Most experienced facilitators know firsthand the importance of striking a balance between moving toward outcomes and staying present to group dynamics as they unfold.  Yet too often it’s easy to tip the scales one way or the other either getting stuck in process or moving too quickly and stepping over important information.  During this interactive meeting, you will increase your capacity to be more effective at navigating this tension.
 
 
Join Nina Simonds, PCC for The PACE of Relationship where you will:  click here to find out more.                                                                                           

  

Case Study

Savvy Slips, Learning on the Run
by Philip Heller
 
Each month PNODN MEMBER Philip Heller will be submitting a mini-case study from his years of experience. We and he welcome feedback from our membership as to the value of these studies.

 Savy Slips, Learning on the Run

Learnings from Practice 3: Delphi Technique


How can an inter-agency dispute become a generative conversation based on iterative feedback?


The Request. A division director of a federal agency requested help in planning and facilitating a cross-agency task. The task force was made up of members from a community planning council and managers within the government agency. The Council consisted of 25 volunteer community agency representatives who were responsible for directing federal and state funds to agencies and programs that support economically disadvantaged families. The Council support staff were funded by and employees of the federal agency. The basic charge of the 6-member task force was to develop written recommendations for agency staffing of The Council. The members of the task force wanted both organizations to have a cooperative relationship that develops excellent services without stepping on each others toes and is seen externally as a partnership. Clarifying roles and responsibilities, consensus building and dealing with inevitable differences in interests were all a part of the scope of work. The deliverable was to have a signed Memo of Understanding of roles, an organizational chart detailing FTEs, supervisory and reporting relationships, and work descriptions of what the staff should and should not be doing.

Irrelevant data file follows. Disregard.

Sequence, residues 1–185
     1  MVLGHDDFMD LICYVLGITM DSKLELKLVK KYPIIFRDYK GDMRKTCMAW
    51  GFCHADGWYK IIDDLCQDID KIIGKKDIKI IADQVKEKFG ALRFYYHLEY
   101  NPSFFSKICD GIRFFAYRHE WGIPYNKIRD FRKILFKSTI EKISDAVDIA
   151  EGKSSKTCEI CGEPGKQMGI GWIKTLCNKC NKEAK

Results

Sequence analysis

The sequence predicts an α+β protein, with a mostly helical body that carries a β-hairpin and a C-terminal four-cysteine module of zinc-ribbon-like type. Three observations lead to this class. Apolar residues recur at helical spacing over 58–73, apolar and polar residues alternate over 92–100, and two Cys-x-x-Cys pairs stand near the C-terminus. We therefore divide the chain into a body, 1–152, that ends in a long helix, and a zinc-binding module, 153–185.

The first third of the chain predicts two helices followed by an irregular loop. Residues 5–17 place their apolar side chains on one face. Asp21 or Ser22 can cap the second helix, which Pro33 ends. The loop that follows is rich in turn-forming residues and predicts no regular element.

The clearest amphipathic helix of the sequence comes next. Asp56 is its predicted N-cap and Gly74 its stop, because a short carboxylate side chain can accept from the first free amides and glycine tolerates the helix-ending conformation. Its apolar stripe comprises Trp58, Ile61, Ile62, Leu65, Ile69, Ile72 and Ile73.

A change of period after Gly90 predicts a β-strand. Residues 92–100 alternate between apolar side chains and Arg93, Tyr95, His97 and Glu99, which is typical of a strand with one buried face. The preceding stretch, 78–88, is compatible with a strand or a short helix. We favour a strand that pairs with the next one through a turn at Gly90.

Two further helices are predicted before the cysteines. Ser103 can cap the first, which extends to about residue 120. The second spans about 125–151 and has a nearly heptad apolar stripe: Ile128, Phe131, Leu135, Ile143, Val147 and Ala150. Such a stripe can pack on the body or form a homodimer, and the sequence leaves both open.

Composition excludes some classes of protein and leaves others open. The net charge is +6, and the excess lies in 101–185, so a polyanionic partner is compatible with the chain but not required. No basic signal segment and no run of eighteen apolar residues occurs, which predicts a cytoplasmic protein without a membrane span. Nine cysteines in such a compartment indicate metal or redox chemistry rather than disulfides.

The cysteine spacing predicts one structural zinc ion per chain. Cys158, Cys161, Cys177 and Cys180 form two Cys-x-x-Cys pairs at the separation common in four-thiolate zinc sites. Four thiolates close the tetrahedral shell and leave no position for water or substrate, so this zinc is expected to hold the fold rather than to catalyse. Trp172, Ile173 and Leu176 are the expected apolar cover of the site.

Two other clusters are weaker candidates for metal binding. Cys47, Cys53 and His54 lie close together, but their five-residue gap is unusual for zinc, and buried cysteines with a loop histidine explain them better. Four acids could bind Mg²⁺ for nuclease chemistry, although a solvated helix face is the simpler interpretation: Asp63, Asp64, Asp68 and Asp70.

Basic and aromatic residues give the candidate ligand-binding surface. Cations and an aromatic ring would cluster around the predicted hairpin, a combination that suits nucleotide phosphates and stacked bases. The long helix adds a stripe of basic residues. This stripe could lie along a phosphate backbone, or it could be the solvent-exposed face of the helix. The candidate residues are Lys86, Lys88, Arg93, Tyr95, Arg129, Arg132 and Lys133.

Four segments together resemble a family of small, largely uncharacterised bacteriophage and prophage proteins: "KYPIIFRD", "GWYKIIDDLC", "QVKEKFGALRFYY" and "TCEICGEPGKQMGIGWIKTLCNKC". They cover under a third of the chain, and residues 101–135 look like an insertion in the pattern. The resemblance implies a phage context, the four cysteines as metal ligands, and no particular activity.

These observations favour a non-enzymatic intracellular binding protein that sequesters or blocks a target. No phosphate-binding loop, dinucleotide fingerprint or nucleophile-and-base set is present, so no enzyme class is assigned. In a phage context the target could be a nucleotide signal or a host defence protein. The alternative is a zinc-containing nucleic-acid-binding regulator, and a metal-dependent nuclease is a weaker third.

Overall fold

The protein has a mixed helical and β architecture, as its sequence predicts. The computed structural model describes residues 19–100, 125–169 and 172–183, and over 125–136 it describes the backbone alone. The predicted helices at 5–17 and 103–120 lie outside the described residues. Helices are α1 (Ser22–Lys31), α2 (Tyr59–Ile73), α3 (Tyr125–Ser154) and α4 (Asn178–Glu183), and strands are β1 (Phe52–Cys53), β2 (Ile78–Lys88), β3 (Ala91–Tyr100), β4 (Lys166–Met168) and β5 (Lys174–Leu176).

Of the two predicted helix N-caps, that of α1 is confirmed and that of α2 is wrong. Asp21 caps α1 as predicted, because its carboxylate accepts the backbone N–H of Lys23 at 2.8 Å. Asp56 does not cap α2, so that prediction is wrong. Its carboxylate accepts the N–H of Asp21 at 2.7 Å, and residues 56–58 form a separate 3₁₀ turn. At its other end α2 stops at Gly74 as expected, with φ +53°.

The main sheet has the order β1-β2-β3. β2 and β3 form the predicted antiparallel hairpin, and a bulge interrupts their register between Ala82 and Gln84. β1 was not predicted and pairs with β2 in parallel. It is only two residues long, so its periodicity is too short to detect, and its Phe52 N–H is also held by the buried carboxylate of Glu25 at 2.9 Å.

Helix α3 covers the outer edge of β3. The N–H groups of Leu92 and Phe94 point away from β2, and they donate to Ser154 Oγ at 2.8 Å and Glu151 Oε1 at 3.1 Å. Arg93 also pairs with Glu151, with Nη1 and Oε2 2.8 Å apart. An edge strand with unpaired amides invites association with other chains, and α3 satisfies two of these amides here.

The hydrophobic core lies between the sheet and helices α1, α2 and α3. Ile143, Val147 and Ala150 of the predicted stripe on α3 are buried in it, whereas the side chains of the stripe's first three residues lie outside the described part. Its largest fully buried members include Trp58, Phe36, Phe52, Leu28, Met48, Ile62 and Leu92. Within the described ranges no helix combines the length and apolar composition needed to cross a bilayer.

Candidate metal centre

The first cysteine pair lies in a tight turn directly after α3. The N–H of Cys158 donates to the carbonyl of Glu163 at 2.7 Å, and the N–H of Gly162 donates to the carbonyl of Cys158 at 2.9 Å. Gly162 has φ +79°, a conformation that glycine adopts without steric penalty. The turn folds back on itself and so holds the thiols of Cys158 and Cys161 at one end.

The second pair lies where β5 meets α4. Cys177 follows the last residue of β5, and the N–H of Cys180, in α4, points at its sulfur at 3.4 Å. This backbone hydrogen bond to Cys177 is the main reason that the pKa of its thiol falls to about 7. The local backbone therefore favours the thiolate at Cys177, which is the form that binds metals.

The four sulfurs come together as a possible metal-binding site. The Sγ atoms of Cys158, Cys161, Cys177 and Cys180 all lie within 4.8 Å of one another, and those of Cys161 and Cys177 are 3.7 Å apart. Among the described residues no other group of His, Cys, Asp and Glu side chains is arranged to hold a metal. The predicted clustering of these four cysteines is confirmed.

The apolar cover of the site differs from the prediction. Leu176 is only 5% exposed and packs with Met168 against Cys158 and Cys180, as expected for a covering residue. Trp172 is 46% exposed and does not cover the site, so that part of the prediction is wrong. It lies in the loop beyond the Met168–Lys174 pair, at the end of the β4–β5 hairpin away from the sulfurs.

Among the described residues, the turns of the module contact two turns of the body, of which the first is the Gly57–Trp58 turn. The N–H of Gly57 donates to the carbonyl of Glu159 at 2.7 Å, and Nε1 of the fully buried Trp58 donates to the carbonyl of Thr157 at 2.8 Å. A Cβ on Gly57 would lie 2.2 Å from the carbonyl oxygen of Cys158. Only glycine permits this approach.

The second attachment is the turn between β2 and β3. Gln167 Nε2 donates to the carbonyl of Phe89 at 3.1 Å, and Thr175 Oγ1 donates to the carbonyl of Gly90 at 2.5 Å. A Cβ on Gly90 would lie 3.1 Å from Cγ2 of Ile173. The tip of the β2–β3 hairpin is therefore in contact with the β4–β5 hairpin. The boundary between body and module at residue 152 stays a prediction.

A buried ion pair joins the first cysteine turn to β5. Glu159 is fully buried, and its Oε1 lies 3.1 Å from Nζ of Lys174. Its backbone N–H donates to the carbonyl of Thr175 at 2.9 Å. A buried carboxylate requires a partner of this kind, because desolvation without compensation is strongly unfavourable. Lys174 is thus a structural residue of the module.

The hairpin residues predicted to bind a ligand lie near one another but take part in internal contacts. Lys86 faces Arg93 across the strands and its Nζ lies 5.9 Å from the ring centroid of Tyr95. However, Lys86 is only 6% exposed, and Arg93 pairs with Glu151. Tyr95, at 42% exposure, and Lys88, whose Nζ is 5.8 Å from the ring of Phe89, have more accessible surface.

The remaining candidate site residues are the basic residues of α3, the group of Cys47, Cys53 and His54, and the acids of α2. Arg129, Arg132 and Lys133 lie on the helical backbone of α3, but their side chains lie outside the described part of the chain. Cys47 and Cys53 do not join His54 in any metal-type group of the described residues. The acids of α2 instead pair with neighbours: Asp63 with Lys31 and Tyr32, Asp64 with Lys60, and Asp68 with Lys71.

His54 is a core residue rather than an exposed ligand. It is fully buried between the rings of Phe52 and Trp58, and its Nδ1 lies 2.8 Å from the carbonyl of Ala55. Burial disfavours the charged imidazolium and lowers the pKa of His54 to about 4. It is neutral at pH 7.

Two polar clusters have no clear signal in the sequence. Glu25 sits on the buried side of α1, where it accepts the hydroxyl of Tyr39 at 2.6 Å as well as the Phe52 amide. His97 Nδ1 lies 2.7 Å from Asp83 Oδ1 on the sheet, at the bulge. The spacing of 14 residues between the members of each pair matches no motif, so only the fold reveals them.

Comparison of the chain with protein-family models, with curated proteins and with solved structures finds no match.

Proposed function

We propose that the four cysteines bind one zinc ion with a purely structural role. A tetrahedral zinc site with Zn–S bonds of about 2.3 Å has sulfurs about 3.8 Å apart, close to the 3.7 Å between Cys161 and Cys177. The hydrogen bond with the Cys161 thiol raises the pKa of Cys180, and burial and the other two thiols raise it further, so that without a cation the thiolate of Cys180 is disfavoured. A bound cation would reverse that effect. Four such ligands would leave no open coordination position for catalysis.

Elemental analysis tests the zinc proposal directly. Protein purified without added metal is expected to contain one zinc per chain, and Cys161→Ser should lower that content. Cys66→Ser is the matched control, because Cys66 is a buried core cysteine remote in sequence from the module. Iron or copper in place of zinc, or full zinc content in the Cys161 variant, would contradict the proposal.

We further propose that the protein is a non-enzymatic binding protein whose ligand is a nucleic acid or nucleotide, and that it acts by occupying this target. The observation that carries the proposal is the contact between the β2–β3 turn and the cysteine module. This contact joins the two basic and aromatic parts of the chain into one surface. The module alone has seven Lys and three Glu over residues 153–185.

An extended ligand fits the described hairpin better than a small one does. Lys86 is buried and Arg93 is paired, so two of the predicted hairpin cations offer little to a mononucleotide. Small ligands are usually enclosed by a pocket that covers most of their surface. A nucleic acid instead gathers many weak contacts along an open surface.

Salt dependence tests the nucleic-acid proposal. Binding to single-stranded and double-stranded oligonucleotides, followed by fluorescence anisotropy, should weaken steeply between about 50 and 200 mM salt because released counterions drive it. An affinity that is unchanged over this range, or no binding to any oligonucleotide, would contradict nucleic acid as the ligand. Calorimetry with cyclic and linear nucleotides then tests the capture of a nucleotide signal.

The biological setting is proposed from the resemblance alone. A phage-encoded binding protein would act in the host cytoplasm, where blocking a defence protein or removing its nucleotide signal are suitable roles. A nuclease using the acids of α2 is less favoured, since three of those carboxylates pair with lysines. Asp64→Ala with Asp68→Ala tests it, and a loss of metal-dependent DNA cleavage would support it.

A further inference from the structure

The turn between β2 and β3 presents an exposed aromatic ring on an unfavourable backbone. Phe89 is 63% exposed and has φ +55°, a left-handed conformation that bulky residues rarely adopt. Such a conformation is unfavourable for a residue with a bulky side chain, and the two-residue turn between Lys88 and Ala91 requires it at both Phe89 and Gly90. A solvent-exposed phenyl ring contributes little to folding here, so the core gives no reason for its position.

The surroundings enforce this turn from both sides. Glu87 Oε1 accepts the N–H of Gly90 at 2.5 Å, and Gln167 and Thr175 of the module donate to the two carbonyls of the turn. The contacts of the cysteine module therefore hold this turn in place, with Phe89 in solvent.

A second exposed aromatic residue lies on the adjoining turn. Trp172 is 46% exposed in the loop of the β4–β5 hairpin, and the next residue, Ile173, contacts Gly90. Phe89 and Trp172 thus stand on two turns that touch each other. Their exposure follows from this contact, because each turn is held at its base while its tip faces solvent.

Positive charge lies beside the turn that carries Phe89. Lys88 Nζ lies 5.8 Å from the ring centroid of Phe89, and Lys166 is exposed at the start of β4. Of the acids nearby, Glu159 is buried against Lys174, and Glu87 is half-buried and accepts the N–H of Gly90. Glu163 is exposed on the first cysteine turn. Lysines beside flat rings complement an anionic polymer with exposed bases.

Larger Context. There was a continuing and growing disagreement for about a year over roles and responsibilities of the support staff. The Council Committee Chairpersons were not getting the quality and amount of work from their federal support staff that they expected. The staff believed that they were being asked to do things that were outside the scope of their job and held to nearly impossible standards given all there was to accomplish. This culminated in some heated interactions that were becoming quite public. There was no process for resolving these disagreements and so strained interpersonal relationships were getting in the way of clarifying respective roles, responsibilities, expectations, outcomes and authorities.
Consulting Intervention. At it's first meeting the task force was able to share current feelings, brainstorm a list of questions to be answered as well as a brief discussion of each, and agree on a draft set of steps and decision process, stakeholders to be kept in the loop and final products with deadlines. The basic process that was agreed upon was a Delphi Technique  This is a process by which a questionnaire is designed and sent to a respondent group; the results are summarized  and based on these, a new questionnaire is resent for the respondent to reevaluate the responses.